“You think I lie?”
“I think you’re ignorant,” Ophelia corrected. Her words had the cut of an insult, but her disinterested tone made them more painful–it made them sound like a diagnosis. Impartial. Scientific. “I think you have no idea what life looks like outside of these walls. Which makes it easy to romanticize.”
Ysabelle made no effort to defend herself. Instead, she stood and quietly moved to the bookcase. “I can help you look, if you’d like.”
Beatrice nodded. “That would be lovely.”
“I know of one,” Ysabelle said, crouching and gliding quickly along the bottom row, “that must be particularly old. I remember looking through it as a child, for one of my lessons. Even back then it seemed like it might fall apart at any moment.” She finally stopped and retrieved a book that once upon a time might have been a deep shade of burgundy, but was now a dingy whisper of that color. She handed it to Lilith, who was immediately unimpressed and tossed it to Beatrice.
“This is a text by Aldusa.”
Ysabelle nodded, though the name meant nothing to her.
“Aldusa is maybe the greatest alchemist who ever lived. To find an original copy of one of her texts…this is miraculous.”
“I just remember it as a boring textbook,” Ysabelle said apologetically.
Beatrice added it to the pile. “I’ll enjoy reading that one.”
“But…” Ysabelle walked over and picked the book back up. “I do remember one particular potion in this book.” She flipped the disintegrating, fibrous pages carefully, her eyes rapidly scanning them. “I’ve been thinking about it a lot lately.”
Lilith approached and looked over her shoulder. When Ysabelle finally found what she was looking for, Lilith’s eyes went wide. “That’s barbaric. Why? Who would ever?”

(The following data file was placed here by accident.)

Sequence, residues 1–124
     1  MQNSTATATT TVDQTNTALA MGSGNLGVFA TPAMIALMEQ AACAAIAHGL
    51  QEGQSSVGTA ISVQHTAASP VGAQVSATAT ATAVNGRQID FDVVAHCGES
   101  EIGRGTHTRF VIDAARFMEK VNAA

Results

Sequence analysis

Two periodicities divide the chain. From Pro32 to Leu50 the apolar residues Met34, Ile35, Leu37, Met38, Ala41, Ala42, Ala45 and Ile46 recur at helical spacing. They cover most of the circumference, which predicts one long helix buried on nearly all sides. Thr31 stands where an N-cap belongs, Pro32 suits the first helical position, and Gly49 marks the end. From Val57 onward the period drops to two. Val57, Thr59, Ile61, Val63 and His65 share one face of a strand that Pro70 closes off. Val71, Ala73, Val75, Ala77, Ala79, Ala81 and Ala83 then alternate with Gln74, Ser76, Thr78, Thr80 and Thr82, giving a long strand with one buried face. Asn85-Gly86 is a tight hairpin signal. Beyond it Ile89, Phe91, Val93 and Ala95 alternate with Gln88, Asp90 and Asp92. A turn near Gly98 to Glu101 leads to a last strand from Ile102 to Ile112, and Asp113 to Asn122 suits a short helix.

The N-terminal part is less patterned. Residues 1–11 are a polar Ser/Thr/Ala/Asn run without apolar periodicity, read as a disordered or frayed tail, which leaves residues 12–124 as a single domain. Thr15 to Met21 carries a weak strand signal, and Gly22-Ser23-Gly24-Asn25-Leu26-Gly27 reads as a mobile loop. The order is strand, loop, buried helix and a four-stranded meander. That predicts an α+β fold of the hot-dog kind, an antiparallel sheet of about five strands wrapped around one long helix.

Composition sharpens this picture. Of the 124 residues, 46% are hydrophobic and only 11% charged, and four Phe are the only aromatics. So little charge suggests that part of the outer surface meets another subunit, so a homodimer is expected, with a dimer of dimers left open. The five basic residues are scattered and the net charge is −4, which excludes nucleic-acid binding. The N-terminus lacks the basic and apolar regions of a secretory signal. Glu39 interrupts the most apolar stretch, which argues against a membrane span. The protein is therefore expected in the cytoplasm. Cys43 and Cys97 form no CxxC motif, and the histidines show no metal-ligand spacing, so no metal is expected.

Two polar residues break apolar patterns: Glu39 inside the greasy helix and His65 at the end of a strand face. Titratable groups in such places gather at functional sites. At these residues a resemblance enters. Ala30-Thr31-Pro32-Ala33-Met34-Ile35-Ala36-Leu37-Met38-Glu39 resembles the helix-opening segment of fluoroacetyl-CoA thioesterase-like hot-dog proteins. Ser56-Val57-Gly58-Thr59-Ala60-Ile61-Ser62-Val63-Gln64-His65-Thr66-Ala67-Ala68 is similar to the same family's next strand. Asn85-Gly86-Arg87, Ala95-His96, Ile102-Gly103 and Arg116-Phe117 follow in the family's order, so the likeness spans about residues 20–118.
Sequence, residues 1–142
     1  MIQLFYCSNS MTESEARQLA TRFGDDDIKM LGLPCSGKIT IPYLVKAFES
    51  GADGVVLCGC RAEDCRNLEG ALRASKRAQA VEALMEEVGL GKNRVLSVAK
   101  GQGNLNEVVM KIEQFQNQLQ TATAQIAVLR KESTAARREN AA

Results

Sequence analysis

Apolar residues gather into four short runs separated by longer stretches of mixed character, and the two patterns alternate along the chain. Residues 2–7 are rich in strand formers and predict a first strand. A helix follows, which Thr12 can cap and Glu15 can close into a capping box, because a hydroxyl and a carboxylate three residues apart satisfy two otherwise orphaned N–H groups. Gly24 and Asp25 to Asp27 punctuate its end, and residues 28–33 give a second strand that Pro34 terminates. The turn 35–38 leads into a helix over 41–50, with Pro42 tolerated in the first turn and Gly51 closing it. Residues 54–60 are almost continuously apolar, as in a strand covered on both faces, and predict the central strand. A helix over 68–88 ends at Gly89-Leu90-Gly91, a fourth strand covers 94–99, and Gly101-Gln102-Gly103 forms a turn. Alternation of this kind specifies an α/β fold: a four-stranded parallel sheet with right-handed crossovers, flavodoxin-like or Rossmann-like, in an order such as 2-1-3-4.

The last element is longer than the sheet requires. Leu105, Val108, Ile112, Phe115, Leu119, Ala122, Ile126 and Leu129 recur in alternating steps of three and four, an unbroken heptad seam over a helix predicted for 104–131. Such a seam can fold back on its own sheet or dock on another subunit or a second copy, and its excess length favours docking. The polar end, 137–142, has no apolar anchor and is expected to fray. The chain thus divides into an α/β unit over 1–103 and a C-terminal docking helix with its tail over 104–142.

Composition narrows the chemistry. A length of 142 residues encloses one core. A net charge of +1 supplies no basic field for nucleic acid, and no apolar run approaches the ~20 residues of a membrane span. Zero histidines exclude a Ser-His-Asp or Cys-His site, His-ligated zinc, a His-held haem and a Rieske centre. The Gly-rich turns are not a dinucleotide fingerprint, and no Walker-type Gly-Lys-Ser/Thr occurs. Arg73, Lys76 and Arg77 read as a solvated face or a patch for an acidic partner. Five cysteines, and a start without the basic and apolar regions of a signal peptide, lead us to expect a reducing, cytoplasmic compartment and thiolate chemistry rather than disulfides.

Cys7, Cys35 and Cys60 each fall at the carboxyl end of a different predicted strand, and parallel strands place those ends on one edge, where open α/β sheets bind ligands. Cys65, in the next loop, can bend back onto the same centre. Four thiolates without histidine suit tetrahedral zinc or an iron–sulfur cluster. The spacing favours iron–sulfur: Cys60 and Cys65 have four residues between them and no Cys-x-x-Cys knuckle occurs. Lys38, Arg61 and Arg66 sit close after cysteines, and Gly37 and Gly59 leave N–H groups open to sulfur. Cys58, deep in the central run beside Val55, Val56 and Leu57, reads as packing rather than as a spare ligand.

Beatrice took the book, her interest piqued. “It’s a hex. A ‘Potion of Poisoned Passion.’” She skimmed Aldusa’s scribblings on the elixir. “Why have you been thinking of this?”
“Do you think you could make it for me?”
Ophelia was skeptical. “You said it was a hex?” she asked Beatrice, and then turned fiercely toward the princess. “Why would we help you hex someone? Your father is foisting enough guilt on us. We needn’t seek any more out.”
“It’s not for someone else. It’s for me.”
Ophelia grabbed the book from Beatrice and read:
This potion will manifest a hex that is sensitive to emotion, to desire. It will make the kiss from a woman’s lips poisonous, lethal to any for which she does not hold love in her heart.
She looked up and gripped the princess with unforgiving, incredulous eyes.
But Ysabelle insisted: “It’s for me.”
“Odo should have the skills to mix this. Why have you not asked him?” Beatrice asked.
Lilith put her hand to her hip and rolled her eyes. “Don’t ask stupid questions. It’s obvious why she came to us. Just be honest with her–will you help or not?”
Ysabelle smiled at Lilith for her support.
“And when the planned nuptials fall apart because of a poisoned bride, your father will rightly blame us and have our heads. This is foolish,” Beatrice said.
“I swear it,” Ysabelle pleaded. “I will take all the blame. I will say that I stole it from your belongings. That it was already mixed and I stole it and that you had no knowledge. I don’t even know if I’ll take it yet. I don’t know. I just…I need the option. I need a way out.” Desperation was bleeding into her voice. “Please.”
Ophelia and Beatrice looked to each other, each seeing their own resignation in the other’s eyes.